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When I got a call from my friend Martin, who was serving overseas, I thought the worst.

What’s going on, dude? Is everything okay?” I asked anxiously.

Oh, yeah, yeah!” replied Martin. “Listen, I won’t be in Boston next week. I am still in Bulgaria, in the village of Boarden. I was on my way to the capital but decided to stop in this village for a night, at a bed and breakfast place called Mora’s Inn. Oh, man, it’s so peaceful and clean, and the food is unbelievable! I am coming home at the end of the month.”

But Martin didn’t come home at the end of the month and didn’t respond to any of my messages and calls. After a couple of months rolled by with no news from him, I knew something was wrong. I took a few days off and hopped the first flight to Bulgaria.

I landed in the capital city of Sofia and took a bus to the village of Boarden. In a couple of hours, the bus dropped me off at the village center. The village, snuggled in the bosom of the Balkans, was very small. Most of the houses were built centuries ago. The village center consisted of a square surrounded by houses, one of which was converted to a library, another to a small general store, and a third to a guest house, which must be Mora’s Inn.

I opened the door and entered. An old woman with sharp facial features sat on a small rocking chair, spinning yarn with a drop spindle. Martin was sitting on a huge pillow on the floor, reading a book. I sighed with relief. The old woman saw me and gasped in surprise. Martin looked up. His initial confusion quickly vanished, and he jumped to his feet. I sensed he was truly happy to see me, and all my fears disappeared. He was still the good old Martin. We bro-hugged.

John! What are you doing here?” he exclaimed.

You were right!” I said bitterly. “This place is so quaint that it makes you forget all about your friends, who, in the meantime, wonder what the hell happened to you!”

He ignored my remark and turned toward the old woman.

Mora, this is John, my friend from America I was telling you about. John, this is my landlady―Mora!”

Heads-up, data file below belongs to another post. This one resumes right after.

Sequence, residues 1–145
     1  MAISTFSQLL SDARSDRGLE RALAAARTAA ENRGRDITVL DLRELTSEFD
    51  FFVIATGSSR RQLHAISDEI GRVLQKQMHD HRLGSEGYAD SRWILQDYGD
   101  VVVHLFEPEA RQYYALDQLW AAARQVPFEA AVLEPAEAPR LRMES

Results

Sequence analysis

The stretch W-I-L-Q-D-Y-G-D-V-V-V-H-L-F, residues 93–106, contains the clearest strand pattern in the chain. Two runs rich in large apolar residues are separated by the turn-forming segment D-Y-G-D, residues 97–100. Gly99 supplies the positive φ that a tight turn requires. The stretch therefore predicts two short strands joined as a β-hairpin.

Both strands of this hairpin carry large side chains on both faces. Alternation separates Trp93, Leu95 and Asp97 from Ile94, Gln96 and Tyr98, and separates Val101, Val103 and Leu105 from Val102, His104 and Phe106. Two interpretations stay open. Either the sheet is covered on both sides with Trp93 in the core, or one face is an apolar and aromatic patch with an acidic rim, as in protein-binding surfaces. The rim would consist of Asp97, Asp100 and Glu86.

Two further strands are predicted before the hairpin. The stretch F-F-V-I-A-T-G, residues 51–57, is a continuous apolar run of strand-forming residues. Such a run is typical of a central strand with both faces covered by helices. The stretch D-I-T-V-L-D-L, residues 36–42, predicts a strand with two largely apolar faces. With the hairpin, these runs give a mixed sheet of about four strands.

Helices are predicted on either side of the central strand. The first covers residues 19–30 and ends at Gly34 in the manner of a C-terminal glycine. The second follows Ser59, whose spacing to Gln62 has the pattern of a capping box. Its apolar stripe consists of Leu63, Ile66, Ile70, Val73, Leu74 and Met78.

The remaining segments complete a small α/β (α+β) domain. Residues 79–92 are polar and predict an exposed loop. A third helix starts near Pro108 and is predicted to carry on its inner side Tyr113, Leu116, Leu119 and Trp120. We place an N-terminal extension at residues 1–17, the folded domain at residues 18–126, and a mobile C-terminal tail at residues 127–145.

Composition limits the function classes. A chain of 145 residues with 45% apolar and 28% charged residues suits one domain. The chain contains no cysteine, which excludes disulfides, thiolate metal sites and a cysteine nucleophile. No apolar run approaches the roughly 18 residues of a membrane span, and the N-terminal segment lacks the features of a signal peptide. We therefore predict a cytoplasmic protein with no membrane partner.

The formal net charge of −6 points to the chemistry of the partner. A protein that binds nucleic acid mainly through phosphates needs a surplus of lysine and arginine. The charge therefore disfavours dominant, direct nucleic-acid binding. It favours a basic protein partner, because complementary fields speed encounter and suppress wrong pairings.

Hi John”, said Mora, “welcome. You stay tonight?”

Well, yes,” I said, “I can stay for a couple of nights.”

To my surprise, I noticed a shadow of vague apprehension on Martin’s face, but it vanished as quickly as it appeared.

An hour later, Mora set up the dinner table. “Eat,” she said, “this food is very tasty. Martin knows.” She smiled. “Now I leave you.”

I blurted the question I’d wanted to ask him for months.

Martin, what’s going on? What are you still doing here?”

Is that why you came?” Martin snapped, “to convince me to go back?”

No, Martin,” I said, “It’s not that! I just want to know what’s really going on! You are my best friend, and I wasn’t even sure if you were alive!”

I am sorry, John,” he said quietly, “I should’ve called. But this is my life now. I took a job as an English teacher at the local school. I am not going back!”

We had plenty to talk about, and by the time I finally retreated to my room, it was well past midnight. The windows were open, and cool night air had filled the room, promising to alleviate the slight hangover I was experiencing as a result of one too many shots of rakia, the local brandy. Soon I dozed off.

I woke up at the break of dawn at the sound of footsteps in my room. It was a woman. At first, I thought it was Mora. But as she came closer, I realized it wasn’t the old lady. This woman had thick, long brown hair. She was much younger than Mora―it could have been her granddaughter. She probably is, I thought. She probably arrived early this morning and nobody told her I was in this room.

She wore a sheer night gown, short and sleeveless, one of those attires that were designed for anything but warmth and coverage. She stood by my bed and stared at me.

Who are you?”, I said as I sat up, half-annoyed, half-alarmed.

I am Mora’s granddaughter. My name is Mora, too.”

That’s nice, Mora. Nice to meet you. I am John. It’s a bit early, though, so if you don’t mind, I’d like to go back to bed.”

I’m Martin’s girlfriend.” she said, ignoring my request.

His girlfriend?”

Yes. Didn’t he tell you?”

Come to think of it, I wasn’t surprised. I knew something was keeping Martin in this little village in this faraway country, and a girlfriend would be at the top of the list. I only wondered why he had to hide it from me.

She sighed and sat on the bed next to me.

Listen,” I said, “you have to leave. I don’t think Martin would appreciate you coming up here at this time of the night.”